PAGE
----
You have probably heard about fibromyalgia, but you may not know what it is.Fibromyalgia is a long-term (chronic) pain condition that affects 5 million or more Americans age 18 and older. For unknown reasons, most people diagnosed with fibromyalgia are women, although men and boys may also be affected. People with certain disorders, such as rheumatoid arthritis or lupus, may also have fibromyalgia, which can affect the course of their illness and treatment.
Fibromyalgia can greatly affect health, well-being and quality of life.
“People with fibromyalgia suffer from severe, everyday pain that spreads throughout the body,” says Dr. Leslie J. Crofford, a researcher at Vanderbilt University who has the support of the NIH. “His pain is often accompanied by debilitating fatigue, sleep that does not refresh them and problems with thinking and memory.”
People with fibromyalgia often see many doctors before finally receiving a diagnosis. The main symptoms, pain and fatigue, overlap with those of many other conditions, which can complicate the diagnosis.
“To make things more challenging, there are no blood tests or x-rays that are abnormal in people with the disorder,” says Crofford. Without a specific diagnostic test, some doctors may question whether a patient’s pain is real. “Even friends, family and co-workers may have difficulty understanding the person’s symptoms.”
A physician familiar with fibromyalgia can make a diagnosis based on the criteria established by the American College of Rheumatology. The diagnostic symptoms include a history of generalized pain that lasts more than 3 months and other symptoms such as fatigue. When making the diagnosis, doctors consider the number of areas throughout the body where the patient had pain last week and rule out other causes of the disease.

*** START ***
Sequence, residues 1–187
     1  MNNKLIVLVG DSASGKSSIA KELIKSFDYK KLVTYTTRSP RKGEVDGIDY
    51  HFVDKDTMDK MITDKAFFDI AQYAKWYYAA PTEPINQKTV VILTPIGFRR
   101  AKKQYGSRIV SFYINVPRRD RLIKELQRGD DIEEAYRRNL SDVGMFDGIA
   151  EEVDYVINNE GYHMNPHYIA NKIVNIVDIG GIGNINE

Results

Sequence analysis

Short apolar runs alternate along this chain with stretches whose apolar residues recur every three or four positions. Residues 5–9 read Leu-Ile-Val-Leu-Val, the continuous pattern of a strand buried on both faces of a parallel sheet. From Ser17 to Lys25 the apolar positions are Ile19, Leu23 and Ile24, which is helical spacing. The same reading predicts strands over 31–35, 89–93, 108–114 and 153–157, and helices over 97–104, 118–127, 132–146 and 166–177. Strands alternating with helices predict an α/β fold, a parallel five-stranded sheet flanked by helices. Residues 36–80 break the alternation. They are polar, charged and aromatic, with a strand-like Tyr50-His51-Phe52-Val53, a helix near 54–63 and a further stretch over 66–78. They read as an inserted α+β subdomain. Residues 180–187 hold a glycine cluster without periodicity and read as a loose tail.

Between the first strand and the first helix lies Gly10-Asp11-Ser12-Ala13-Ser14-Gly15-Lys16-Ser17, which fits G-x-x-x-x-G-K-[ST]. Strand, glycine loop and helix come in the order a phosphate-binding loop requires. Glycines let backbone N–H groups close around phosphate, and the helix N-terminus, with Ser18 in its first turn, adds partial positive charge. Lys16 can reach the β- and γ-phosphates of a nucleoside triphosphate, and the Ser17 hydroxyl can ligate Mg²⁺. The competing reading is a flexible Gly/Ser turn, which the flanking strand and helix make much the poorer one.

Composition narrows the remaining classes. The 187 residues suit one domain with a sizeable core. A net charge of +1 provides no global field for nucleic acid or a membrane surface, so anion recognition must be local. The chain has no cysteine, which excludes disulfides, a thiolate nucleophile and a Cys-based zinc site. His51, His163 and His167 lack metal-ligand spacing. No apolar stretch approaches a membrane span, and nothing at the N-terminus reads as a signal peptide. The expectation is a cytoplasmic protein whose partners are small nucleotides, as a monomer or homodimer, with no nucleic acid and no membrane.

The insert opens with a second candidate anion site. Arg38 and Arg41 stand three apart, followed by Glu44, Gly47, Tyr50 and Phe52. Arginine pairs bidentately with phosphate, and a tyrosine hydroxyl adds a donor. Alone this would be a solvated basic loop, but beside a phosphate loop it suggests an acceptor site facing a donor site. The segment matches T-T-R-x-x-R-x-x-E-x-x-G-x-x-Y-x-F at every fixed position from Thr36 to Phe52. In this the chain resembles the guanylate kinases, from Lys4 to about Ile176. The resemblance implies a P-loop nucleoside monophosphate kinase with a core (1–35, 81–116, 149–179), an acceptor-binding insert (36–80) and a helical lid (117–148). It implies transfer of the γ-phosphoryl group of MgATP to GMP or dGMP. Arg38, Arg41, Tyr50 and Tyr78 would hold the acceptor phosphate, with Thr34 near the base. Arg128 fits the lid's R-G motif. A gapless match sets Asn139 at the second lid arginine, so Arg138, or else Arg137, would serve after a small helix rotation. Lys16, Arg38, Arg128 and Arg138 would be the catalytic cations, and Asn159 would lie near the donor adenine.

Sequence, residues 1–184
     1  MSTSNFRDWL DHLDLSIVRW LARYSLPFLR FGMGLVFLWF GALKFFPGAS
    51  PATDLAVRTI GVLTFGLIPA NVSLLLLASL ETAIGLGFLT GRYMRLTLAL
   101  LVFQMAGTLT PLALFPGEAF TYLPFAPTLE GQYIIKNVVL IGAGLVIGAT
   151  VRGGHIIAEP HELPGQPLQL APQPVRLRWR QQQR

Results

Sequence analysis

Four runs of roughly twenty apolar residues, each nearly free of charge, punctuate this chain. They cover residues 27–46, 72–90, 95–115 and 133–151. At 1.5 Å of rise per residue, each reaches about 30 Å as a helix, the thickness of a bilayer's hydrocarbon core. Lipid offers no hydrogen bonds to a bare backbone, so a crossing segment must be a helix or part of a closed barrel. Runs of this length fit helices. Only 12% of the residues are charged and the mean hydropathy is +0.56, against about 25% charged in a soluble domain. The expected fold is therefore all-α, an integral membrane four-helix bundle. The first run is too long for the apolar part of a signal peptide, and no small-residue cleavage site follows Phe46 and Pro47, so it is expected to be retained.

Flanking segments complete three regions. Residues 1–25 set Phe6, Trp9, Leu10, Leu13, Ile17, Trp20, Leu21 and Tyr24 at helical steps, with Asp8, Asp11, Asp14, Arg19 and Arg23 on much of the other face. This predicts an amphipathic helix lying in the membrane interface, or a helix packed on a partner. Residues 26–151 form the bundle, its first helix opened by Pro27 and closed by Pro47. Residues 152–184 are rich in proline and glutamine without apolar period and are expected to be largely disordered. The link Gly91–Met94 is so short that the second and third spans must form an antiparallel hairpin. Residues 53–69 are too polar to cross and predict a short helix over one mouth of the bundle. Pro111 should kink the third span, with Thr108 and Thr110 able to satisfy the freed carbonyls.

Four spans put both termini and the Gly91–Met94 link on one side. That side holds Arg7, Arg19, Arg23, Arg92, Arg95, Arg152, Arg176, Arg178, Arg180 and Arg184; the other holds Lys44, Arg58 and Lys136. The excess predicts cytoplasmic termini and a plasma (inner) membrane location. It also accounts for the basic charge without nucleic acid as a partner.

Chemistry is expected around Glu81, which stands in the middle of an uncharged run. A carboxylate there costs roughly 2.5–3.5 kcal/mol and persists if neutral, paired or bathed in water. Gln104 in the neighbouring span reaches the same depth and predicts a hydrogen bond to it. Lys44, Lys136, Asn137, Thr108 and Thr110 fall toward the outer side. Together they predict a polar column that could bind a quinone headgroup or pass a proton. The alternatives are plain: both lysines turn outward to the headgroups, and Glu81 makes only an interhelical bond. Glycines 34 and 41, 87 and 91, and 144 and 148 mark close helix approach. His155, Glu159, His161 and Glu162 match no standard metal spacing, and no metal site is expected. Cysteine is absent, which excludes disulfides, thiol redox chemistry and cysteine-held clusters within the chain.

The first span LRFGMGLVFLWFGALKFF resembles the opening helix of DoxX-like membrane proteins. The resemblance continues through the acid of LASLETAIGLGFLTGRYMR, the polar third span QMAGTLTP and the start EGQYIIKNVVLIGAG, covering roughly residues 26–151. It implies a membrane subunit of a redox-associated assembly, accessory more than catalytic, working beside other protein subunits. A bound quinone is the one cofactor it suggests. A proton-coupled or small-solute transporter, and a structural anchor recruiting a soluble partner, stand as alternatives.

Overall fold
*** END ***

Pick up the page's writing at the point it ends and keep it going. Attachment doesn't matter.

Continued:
Because it is not completely understood
What causes fibromyalgia is not completely understood. Many factors probably contribute.
“We know that people with fibromyalgia have changes in the communication between the body and the brain,” says Crofford. These changes can lead the brain to interpret certain sensations as painful that may not be annoying for people without this disorder.
Researchers have found several genes that can affect a person’s risk of developing fibromyalgia. Stressful life events can also play a role.
Fibromyalgia is not a progressive disease, so it does not get worse over time and may even improve. It is never fatal and will not damage the joints, muscles or internal organs.
Medications can help alleviate some, but not all, of the symptoms of fibromyalgia. “Pharmacological treatments by themselves do not result in the remission or cure of fibromyalgia,” says Crofford. “We have learned that exercise can work as well or better than medications. In addition, therapies such as tai chi, yoga and cognitive behavior therapy can also help reduce symptoms. “
People with fibromyalgia often have the best results when treated with multiple therapies.
“It is extremely important that health care providers help patients understand fibromyalgia and provide realistic information about treatments, with an emphasis on the use of exercise and other physical therapies along with medications.”
Crofford says. Crofford and his colleagues are exploring whether a treatment called TENS (transcutaneous electrical nerve stimulation) can help people with fibromyalgia to exercise more comfortably and reduce pain. She and other teams funded by the NIH are also looking for fibromyalgia markers in the blood that could ultimately lead to more specific and effective treatments.
If you or someone you know has fibromyalgia, check the “wise options” box for tips on how to reduce your impact.